We’re also really big on community service. In fall 2021, we collected donations from members of our community to go toward a family we adopted—we partnered with Big Brothers Big Sisters in Ypsilanti and raised about $700 for clothes and gifts. We held a wrapping party for members to get everything ready and dropped everything off to them. They really appreciated that. The year before, we did something similar with Ann Arbor public schools, donating gift cards to families in need. Prior to that, we worked in Detroit and put on a Halloween party for girls in a Detroit home. We typically try to plan our community service events around the holidays when folks are really in need, and we’ll continue to do that in the future.
Why is it important to have an organization like SCOR at U-M?
SCOR is the graduate student organization for students of color. We’re invested in graduate students of color. Because they come from marginalized groups, they can struggle with finding community. They moved from their families, this may be their first time in Michigan, and being maybe the only person like you in your classes can be a struggle. SCOR is a place for people to feel welcome and get away from the stressors of grad school.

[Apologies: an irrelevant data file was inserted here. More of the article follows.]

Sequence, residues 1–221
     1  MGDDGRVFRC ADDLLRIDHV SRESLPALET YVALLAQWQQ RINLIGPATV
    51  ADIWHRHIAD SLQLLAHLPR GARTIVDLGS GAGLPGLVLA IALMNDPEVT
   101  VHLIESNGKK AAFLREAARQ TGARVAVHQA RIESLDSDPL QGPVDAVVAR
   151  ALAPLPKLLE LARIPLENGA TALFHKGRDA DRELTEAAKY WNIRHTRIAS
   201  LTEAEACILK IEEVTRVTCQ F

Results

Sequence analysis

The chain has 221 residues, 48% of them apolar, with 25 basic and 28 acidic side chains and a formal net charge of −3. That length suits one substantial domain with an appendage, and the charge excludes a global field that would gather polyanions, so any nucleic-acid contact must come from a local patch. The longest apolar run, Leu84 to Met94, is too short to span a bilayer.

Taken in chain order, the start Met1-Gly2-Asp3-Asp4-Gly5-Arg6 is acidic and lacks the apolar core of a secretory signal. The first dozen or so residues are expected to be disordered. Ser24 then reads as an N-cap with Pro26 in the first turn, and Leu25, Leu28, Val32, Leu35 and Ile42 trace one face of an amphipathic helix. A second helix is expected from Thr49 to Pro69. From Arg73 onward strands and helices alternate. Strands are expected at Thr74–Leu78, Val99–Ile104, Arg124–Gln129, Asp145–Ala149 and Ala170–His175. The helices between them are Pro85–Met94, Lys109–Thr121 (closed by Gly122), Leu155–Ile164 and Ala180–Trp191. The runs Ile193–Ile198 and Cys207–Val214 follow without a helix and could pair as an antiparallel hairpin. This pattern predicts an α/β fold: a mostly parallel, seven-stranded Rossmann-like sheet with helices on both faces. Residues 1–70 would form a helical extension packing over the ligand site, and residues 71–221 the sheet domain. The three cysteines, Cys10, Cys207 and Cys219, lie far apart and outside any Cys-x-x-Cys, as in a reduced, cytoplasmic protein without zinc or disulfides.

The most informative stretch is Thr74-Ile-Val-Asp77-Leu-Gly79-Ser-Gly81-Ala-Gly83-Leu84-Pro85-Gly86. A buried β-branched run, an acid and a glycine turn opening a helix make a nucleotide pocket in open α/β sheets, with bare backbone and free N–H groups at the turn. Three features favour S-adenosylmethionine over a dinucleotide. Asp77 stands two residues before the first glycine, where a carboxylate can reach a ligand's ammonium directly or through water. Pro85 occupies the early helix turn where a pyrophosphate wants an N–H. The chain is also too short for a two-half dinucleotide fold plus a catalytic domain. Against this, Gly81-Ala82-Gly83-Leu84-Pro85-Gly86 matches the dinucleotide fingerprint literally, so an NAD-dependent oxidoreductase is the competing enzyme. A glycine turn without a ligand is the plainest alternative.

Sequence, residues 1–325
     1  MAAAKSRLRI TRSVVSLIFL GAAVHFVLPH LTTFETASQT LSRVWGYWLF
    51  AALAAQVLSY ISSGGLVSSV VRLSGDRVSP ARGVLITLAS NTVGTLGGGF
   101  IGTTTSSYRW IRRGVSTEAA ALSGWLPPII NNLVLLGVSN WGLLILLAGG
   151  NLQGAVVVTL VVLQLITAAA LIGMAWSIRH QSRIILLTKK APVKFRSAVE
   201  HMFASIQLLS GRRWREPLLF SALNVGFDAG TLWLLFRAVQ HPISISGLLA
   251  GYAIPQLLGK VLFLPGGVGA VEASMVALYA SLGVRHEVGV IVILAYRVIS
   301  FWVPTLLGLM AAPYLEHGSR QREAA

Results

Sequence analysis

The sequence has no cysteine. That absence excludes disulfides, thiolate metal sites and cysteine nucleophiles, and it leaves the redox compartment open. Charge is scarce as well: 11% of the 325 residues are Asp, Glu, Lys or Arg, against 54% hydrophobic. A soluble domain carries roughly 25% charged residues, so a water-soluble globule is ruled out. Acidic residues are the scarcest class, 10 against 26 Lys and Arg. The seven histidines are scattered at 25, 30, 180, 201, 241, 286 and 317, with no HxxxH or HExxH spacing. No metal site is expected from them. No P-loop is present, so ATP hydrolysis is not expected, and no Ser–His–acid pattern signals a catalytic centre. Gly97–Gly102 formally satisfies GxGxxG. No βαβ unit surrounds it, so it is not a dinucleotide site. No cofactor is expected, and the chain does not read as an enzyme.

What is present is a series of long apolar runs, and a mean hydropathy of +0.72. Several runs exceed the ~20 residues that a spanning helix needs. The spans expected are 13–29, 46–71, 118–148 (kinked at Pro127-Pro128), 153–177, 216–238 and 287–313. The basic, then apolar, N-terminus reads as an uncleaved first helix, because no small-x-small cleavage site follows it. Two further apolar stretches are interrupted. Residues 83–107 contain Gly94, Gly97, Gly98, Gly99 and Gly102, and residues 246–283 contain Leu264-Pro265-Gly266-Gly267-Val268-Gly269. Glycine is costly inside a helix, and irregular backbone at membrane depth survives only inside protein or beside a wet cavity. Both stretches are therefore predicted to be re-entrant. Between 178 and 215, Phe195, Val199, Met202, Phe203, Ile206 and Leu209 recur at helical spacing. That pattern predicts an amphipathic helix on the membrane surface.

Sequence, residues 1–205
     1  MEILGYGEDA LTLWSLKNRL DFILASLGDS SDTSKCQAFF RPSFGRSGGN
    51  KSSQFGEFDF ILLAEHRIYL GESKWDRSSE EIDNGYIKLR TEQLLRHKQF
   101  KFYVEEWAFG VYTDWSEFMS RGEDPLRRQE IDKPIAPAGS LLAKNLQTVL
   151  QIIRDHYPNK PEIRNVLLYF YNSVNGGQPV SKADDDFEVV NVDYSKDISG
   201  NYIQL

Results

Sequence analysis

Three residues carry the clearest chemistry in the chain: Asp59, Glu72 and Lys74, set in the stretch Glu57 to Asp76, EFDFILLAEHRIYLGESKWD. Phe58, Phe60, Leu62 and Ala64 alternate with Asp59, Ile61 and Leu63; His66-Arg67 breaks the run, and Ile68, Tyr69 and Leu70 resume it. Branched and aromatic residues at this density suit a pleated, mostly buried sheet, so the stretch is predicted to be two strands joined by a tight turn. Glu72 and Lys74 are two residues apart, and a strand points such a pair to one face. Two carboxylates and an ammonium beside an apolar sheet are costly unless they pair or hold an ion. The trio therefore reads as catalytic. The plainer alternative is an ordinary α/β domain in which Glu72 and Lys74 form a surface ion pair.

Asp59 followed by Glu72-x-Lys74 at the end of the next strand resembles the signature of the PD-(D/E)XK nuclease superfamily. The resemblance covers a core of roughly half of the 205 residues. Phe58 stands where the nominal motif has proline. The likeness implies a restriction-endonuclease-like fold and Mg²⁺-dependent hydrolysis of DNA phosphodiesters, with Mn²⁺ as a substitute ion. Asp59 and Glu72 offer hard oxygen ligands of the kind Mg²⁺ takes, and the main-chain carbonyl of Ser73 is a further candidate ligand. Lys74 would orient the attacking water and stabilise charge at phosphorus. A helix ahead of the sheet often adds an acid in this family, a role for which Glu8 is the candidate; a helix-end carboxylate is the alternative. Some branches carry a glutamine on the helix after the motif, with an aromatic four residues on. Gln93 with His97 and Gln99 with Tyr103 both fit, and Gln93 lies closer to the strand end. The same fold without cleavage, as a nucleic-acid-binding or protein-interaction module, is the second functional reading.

What drew you to SCOR as a graduate student?
I was told about SCOR by someone in my department. She had been in SCOR for a long time and liked it, and thought I’d be into it. That was in the second year of my program, and I’m in my fourth now. I really enjoyed being part of the community and started helping as an event coordinator. I decided to stick with it and eventually became vice president and now president.
Does SCOR work with our other Rackham student organizations—Graduate Rackham International (GRIN) and Rackham Student Government (RSG)?
Yes, we partner with RSG and GRIN. We love working with them both—they’re fantastic. We all partnered on Fall Welcome to welcome students to campus, as well as on Graduate and Professional Student Appreciation Week events. We always work on collaborations with them when events warrant it. We usually come out and rally together when one of us takes a stance on something.
What would you like to see SCOR do in the near future?
I think that SCOR has a lot of potential to grow. I want to see more professional development events, because our students seem to particularly appreciate them. I’d also like to figure out ways to better advocate for students of color and get more involved in the social justice side of things. In June 2020, we held a town hall for students to voice their concerns, and I want to make sure we’re reaching them and doing the best we can.
What have been SCOR’s biggest recent accomplishments?
I really think it was our creativeness in the midst of the pandemic. When things began to shut down, we were planning our symposium. We had to learn to be creative, because on one hand we were running a lot of virtual events, but on the other students were feeling isolated. Graduate school can be isolating regardless, and the pandemic added another level to that. We wanted them to feel there was still a community and space for them. Our creativity and resiliency and ability to still build community amidst the pandemic was a huge accomplishment for us.